The newbies on the block – are they friends or foes!

Yeap, you guessed it, the two newbies are little piggies, called Peppa and Pop! Peppa being the lighter one and Pop being the darker one or the slightly plumper one.

Although with four legs supporting these, somewhat, dumpy bodies, just like four legs support the stunning outline of the Equine and Canine world, one would think that there was not much of a to do to adjust to when it comes down to meeting the other 4 legged creatures. But clearly this is not the case.

But introducing new animals is a massive learning curve for all, not only for the carer, but also for each animal who crosses their path, or in this case, who absolutely decided not to cross their path, even from 30 metres away! When introducing any new animal to another/others it is always best to have some form of fence in between each breed, if nothing else but to make sure neither become either pancaked or demolished or kicked in to oblivion! So this we naturally did, with 6ft fence between each!

Although these little piggies had kept quite a ‘piggy life’ before, they had never met horses or the same type of black and white dotty dogs before. Going by the reaction and knowing the History of three of the horses, it was clear that three of the horses in the vicinity had come across this snorting breed before, but it was more than clear that two had not! In fact the snorting from the piggies and the snorting from two of the horses sounded, almost, like an ‘in house competition!’ However, little did the horses realise that actually, the snorting from the pigs is their natural sound, yet a horse, generally snorts when unsure of something. So, from a horses perspective, you can understand why a horse would be scared of the sound of these little piggies, who were not even the size of half a horses leg!






Above are the ones who had the confidence to venture fairly closely without much of a to do, however, once the others realised there were newbies on the block, mmmmm, ears were up, equine snorting could be heard loud and clear but after a few flighty moments, they did return, but only to a safe distance away – approximately 40 metres!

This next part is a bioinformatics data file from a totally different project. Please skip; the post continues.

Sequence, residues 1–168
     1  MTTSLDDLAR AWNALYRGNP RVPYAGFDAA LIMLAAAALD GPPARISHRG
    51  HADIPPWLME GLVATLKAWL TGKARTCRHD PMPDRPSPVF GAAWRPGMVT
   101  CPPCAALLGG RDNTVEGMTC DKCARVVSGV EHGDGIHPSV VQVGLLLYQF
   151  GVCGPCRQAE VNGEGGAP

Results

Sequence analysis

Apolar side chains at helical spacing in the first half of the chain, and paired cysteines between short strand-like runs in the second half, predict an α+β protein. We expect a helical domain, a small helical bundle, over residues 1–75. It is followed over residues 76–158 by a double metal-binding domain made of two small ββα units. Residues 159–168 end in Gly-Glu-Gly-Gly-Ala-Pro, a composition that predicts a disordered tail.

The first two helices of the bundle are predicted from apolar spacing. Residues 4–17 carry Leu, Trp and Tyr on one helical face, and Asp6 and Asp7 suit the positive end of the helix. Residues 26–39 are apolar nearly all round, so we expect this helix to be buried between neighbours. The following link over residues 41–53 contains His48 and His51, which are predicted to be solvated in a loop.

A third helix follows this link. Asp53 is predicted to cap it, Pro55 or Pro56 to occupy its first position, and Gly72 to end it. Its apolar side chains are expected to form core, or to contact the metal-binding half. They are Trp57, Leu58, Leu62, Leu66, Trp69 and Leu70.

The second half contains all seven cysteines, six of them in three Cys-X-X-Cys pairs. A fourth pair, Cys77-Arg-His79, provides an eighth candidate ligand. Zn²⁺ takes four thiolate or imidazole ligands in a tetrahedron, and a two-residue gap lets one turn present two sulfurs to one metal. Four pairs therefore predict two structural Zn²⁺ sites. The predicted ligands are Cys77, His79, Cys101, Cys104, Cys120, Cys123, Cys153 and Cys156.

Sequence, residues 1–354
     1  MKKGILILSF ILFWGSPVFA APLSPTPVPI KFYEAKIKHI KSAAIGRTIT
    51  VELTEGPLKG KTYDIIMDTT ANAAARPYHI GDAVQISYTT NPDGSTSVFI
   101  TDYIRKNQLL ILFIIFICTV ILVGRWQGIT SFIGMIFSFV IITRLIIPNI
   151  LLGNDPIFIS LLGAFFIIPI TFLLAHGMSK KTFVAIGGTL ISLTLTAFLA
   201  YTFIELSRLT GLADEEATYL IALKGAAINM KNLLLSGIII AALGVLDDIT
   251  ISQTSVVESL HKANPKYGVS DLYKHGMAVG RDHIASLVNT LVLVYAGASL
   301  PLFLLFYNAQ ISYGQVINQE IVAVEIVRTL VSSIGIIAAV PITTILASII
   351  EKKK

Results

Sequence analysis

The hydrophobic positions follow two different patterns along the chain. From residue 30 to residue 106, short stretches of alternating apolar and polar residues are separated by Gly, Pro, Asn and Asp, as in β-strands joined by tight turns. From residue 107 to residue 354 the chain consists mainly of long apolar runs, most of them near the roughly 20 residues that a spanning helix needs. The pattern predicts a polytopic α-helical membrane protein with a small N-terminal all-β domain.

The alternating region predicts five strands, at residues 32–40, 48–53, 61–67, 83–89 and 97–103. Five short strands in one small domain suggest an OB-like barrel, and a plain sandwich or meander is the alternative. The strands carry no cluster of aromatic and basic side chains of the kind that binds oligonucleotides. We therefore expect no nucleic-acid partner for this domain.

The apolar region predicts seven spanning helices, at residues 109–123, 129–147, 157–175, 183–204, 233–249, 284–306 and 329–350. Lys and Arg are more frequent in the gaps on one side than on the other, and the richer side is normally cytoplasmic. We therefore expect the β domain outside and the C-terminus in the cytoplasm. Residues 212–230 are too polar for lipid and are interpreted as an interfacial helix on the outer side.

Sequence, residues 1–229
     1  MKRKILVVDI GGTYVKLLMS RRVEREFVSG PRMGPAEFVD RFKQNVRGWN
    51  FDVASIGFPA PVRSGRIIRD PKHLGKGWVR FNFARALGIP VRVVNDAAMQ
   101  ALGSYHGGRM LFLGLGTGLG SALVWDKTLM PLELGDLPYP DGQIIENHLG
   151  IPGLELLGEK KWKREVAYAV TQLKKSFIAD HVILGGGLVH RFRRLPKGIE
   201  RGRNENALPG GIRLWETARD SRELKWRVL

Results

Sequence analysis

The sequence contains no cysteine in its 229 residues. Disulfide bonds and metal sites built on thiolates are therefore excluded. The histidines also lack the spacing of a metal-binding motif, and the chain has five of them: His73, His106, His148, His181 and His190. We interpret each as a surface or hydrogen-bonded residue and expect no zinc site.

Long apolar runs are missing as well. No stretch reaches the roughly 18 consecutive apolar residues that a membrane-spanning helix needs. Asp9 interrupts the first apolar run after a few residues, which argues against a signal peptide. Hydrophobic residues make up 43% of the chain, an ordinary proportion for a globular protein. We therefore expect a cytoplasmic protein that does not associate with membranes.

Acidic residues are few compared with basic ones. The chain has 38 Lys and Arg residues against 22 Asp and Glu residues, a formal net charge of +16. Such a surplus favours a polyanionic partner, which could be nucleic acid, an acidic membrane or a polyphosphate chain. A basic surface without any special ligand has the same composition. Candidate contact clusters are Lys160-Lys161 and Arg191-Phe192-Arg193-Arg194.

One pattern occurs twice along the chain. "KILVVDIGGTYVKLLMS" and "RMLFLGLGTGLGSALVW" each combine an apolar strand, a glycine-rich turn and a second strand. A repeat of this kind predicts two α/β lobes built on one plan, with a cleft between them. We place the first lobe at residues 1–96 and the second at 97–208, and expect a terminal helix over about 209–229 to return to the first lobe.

A night went past and the original confident three horses joined us in the usual routine, however the other two decided, no, we are not speaking, we are not going any where near their pen or indeed the gateway to the yard. ‘We’ve drawn a line right across the field’ seemed to be their motto, and if they were to have any breakfast at all we had to take it to them! Talk about putting their heels down!.

By the afternoon of the second day and because of the amount of times these piggies were checked (just to make sure they hadn’t escaped) all the horses became rather nosey, perhaps they were feeling as if they were going to miss out on something! A piece of apple, or carrot or a bit of cabbage! Or was it banana! Added to their growing confidence was probably helped by the dogs running round the round pen, just as they normally do and have done for months. In fact normally a round pen has a worn track round the inside of the pen, but no, not our one, Our one has a dogs’ motorway round the outside, initiated by our rescued Collie. A wirey dog, one with a fox face, a typical ‘wired to the moon and back Collie dog, but with the sweetest of nature . . butter wouldn’t melt type of nature.

Our office in the Summer time is often one of the paddocks or the barn. But since the piggies arrived we now have an extra office. An office with a difference. One where you can feel relaxed, enjoy the antics of dotty pigs running around doing pirouettes of happiness creating hilarity along the way as well, or a horse meandering past, or a chicken sitting, obediently, along side your cup of coffee! All this brings a sense of peace while talking business. It certainly beats sitting under fluorescent light bulbs and buzzing traffic or honking taxi’s and buses every two minutes. O thank goodness for the Internet!

Apologies, we digressed! So, after regular checks the pigs seemed to settle in to their new abode, but were ultra happy at being able to dig up and eat the grass and nettle roots! (which was, after all, the reason why they were taken on in the first place- to hopefully prevent us from strimming in the summer months!)

Day 3 found us adjusted to the new routine, all animals checked, dogs let out, geese let out and fed, pigs fed, hens fed then it’s breakfast and grooming time for the horses. However on this morning while in the round pen. Lauder Lass decided to pluck up the courage to venture forward, nothing to do with sound of chopping or the smell of carrots or bread on the table inside the round pen of course. It was as if she was watching the pigs with one eye and the other was totally concentrating on the food below her nose albeit it at the other side of the fence. Having scattered some bread on the ground for the piggies it left a spare second to give her a wee slice of carrot through the spar, and bless her she took it. That little experience seemed to break the ice between her and the piggies, I guess she thought, well, ‘if they eat the same kind of food as me, then they can’t be all that bad after all’.



From this day on, she seemed to have an understanding of them but what she would do if they were free in the field is indeed another question.

Let’s see what happens in the next saga of the Horse and pig world.



About Judi and Lauder Lass's carers

Animal and Human behaviourist, Animal 'user friendly' trainer, Author, Alternative dietician -
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